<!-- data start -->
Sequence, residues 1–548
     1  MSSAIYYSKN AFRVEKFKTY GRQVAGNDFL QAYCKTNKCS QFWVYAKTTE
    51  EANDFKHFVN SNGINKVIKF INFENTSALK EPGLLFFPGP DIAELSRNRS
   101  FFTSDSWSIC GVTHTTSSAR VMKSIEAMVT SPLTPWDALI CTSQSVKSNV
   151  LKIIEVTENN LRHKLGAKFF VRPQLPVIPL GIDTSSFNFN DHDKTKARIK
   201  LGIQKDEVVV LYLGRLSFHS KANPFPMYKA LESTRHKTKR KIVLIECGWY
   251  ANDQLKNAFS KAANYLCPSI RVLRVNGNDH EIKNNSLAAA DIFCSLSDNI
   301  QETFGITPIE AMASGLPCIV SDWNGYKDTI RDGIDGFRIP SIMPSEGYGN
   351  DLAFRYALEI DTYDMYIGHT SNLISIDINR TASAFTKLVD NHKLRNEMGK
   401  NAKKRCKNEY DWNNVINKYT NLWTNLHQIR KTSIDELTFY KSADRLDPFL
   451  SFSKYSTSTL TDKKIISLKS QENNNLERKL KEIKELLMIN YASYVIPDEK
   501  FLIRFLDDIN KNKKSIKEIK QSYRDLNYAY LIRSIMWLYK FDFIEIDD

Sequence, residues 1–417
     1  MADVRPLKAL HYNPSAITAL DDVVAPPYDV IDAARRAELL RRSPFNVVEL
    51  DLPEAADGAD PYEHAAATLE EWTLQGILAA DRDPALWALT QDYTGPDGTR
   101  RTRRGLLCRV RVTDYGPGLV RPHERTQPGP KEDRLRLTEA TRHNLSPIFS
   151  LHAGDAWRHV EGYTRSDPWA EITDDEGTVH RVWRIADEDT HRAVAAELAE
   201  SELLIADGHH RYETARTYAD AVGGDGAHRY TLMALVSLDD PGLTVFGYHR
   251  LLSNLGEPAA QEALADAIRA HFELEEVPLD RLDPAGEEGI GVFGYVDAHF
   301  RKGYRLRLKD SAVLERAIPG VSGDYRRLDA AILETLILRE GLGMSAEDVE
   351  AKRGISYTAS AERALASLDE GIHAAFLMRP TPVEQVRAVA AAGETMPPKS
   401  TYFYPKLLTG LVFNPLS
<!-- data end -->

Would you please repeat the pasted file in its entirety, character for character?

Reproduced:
Sequence, residues 1–548
     1  MSSAIYYSKN AFRVEKFKTY GRQVAGNDFL QAYCKTNKCS QFWVYAKTTE
    51  EANDFKHFVN SNGINKVIKF INFENTSALK EPGLLFFPGP DIAELSRNRS
   101  FFTSDSWSIC GVTHTTSSAR VMKSIEAMVT SPLTPWDALI CTSQSVKSNV
   151  LKIIEVTENN LRHKLGAKFF VRPQLPVIPL GIDTSSFNFN DHDKTKARIK
   201  LGIQKDEVVV LYLGRLSFHS KANPFPMYKA LESTRHKTKR KIVLIECGWY
   251  ANDQLKNAFS KAANYLCPSI RVLRVNGNDH EIKNNSLAAA DIFCSLSDNI
   301  QETFGITPIE AMASGLPCIV SDWNGYKDTI RDGIDGFRIP SIMPSEGYGN
   351  DLAFRYALEI DTYDMYIGHT SNLISIDINR TASAFTKLVD NHKLRNEMGK
   401  NAKKRCKNEY DWNNVINKYT NLWTNLHQIR KTSIDELTFY KSADRLDPFL
   451  SFSKYSTSTL TDKKIISLKS QENNNLERKL KEIKELLMIN YASYVIPDEK
   501  FLIRFLDDIN KNKKSIKEIK QSYRDLNYAY LIRSIMWLYK FDFIEIDD

Sequence, residues 1–417
     1  MADVRPLKAL HYNPSAITAL DDVVAPPYDV IDAARRAELL RRSPFNVVEL
    51  DLPEAADGAD PYEHAAATLE EWTLQGILAA DRDPALWALT QDYTGPDGTR
   101  RTRRGLLCRV RVTDYGPGLV RPHERTQPGP KEDRLRLTEA TRHNLSPIFS
   151  LHAGDAWRHV EGYTRSDPWA EITDDEGTVH RVWRIADEDT HRAVAAELAE
   201  SELLIADGHH RYETARTYAD AVGGDGAHRY TLMALVSLDD PGLTVFGYHR
   251  LLSNLGEPAA QEALADAIRA HFELEEVPLD RLDPAGEEGI GVFGYVDAHF
   301  RKGYRLRLKD SAVLERAIPG VSGDYRRLDA AILETLILRE GLGMSAEDVE
   351  AKRGISYTAS AERALASLDE GIHAAFLMRP TPVEQVRAVA AAGETMPPKS
   401  TYFYPKLLTG LVFNPLS